St. Thérèse drama coming to Rogers parish

| April 5, 2017 | 0 Comments

Mary Queen of Peace in Rogers will host “Therese: The Story of a Soul,” a play about the life of St. Therese, 7 p.m. April 22. Image Courtesy St. Luke Productions

Father Michael Kaluza, pastor of Mary Queen of Peace in Rogers, said he likes having a large Divine Mercy celebration, which will include a theatrical component this year with a Texas performer visiting the parish.

When learning of the opportunity to host Dallas-based actress Audrey Ahern in a production about St. Thérèse of Lisieux, Father Kaluza said he thought, “Wow, this might be a great activity to include in our Divine Mercy weekend.”

Mary Queen of Peace will host “Thérèse: The Story of a Soul” 7 p.m. April 22 on the vigil of Divine Mercy Sunday at the parish’s St. Martin campus. The drama paints a realistic and human picture of the saint’s life.

“One thing that people don’t expect is that she is so funny,” Ahern said. “She has this really witty sense of humor that’s just incredible. Even on her death bed, she had this witty repartee that you wouldn’t really expect.”

Patti Defilippis of St. Luke Productions wrote and directed the drama, which debuted in 1997, the year St. Paul John II recognized St. Thérèse as a doctor of the Church. Based in Washington state, St. Luke Productions produces Catholic dramas, films and media to inspire faith.

The drama’s success led to St. Luke’s 2004 film, “Thérèse: the Story of St. Thérèse.” For those who have seen the film, the drama will provide a different view of the saint as it comes to Minnesota for the first time. Defilippis said the audience can get inside St. Thérèse’s mind, particularly her spirituality of doing “little things with great love.”

“In the film, you see it, but it’s subtle because you see her doing sacrificial things,” Defilippis said. “When she actually speaks about it, she’s speaking to the audience, telling them what’s in her heart. It’s very personal and intimate that way.”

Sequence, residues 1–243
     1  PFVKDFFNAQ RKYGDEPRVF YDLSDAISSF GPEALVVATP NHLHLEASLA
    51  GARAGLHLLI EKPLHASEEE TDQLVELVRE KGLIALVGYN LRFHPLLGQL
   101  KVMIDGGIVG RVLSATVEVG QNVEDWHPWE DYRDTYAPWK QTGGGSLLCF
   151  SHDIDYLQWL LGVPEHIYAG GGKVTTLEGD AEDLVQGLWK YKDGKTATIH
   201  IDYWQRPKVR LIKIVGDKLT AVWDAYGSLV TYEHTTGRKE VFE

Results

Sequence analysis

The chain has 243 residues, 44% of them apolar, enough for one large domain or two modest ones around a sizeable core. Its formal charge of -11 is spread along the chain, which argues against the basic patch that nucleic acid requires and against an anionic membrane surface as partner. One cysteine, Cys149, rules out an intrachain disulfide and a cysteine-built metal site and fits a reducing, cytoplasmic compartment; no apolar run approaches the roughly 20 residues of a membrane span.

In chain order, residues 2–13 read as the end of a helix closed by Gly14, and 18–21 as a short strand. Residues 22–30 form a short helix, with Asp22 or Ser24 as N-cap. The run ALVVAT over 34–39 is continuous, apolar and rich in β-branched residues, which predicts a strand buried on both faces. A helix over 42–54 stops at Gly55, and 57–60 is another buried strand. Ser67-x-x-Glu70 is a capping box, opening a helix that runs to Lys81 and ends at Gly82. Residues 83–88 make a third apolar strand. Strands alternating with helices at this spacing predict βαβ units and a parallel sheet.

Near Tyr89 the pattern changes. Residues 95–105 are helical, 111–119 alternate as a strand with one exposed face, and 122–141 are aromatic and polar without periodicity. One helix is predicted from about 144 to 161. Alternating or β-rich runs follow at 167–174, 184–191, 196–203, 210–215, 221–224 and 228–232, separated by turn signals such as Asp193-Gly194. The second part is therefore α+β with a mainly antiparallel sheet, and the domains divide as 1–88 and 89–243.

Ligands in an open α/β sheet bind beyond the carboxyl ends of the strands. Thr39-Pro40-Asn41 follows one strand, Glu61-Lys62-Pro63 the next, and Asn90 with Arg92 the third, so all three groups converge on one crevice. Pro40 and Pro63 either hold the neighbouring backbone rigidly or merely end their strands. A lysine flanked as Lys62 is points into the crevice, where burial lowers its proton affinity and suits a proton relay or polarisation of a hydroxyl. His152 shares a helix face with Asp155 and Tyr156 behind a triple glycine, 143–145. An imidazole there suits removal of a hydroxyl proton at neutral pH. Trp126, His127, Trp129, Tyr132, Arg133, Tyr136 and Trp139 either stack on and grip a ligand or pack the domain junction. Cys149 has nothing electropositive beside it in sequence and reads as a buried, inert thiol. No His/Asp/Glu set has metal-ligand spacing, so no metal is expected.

St. Thérèse, the youngest of five daughters, was born Jan. 2, 1873, to Louis and Zelie Martin in France. The couple, too, became saints. After entering the Carmelite convent in Lisieux at age 15, St. Thérèse served there until her death at age 24 in 1897.

In that nine-year span, she developed a spirituality known as the “little way,” doing “little things with great love.” She recorded her reflections at the request of her superior in what became St. Thérèse’s autobiography “The Story of a Soul.”

Defilippis worked with Carmelite Sister Claire Sokol of the Carmel of Reno, Nevada in writing the script in order to create a stronger sense of St. Thérèse’s spirituality. Sister Sokol, an accomplished musician too, composed a hymn about St. Thérèse on the 100th anniversary of her death and music for Defilippis’ production.

“She helped me a lot to be very true to St. Thérèse’s spirituality and to understand her weakness, but not turn her into somebody who was not who she was,” Defilippis said.

St. Thérèse had her weaknesses. Early in life, she had many emotional struggles with her mother’s death and her older sister leaving early for the convent. St. Thérèse recognizes she could only grow in holiness with God’s help, Ahern said.

“She even says that were it not for him holding her up, she would have fallen so many times,” Ahern said. “She would have fallen into deep, deep sin, and so it’s only through his grace that she didn’t.

“Her example shows how that there’s nothing beyond God’s forgiveness,” Ahern added. “Because those souls who have never sinned, have never sinned because of his goodness. And those who have sinned and are struggling, they’re able to be lifted up because of his goodness.”

Though St. Thérèse lived before the Divine Mercy devotion became popular, Father Kaluza finds it fitting to have the drama kick off the celebration. St. Thérèse’s life had many similar messages to that of Divine Mercy, particularly God’s mercy for sinners and doing works of mercy.

“It’s a great way to give people some spirituality,” Father Kaluza said.

Father Kaluza asked the parish’s Divine Mercy celebration organizer, Gina Rickert, to consider working on bringing the drama to Rogers. She didn’t hesitate, having seen another St. Luke’s Production at the Divine Mercy Shrine in Stockbridge, Massachusetts, in 2016. It was about St. Faustina, who recorded Jesus’ message of divine mercy in her diary in the 1930s.

“It was absolutely phenomenal,” Rickert said. “I don’t know that there was a single heart that wasn’t touched in watching that performance. It was so moving.”

Through an anonymous donor, the parish could keep the cost for admission at $5 for individual tickets and $10 for families. For more information, contact Mary Queen of Peace at 763-428-2585 or


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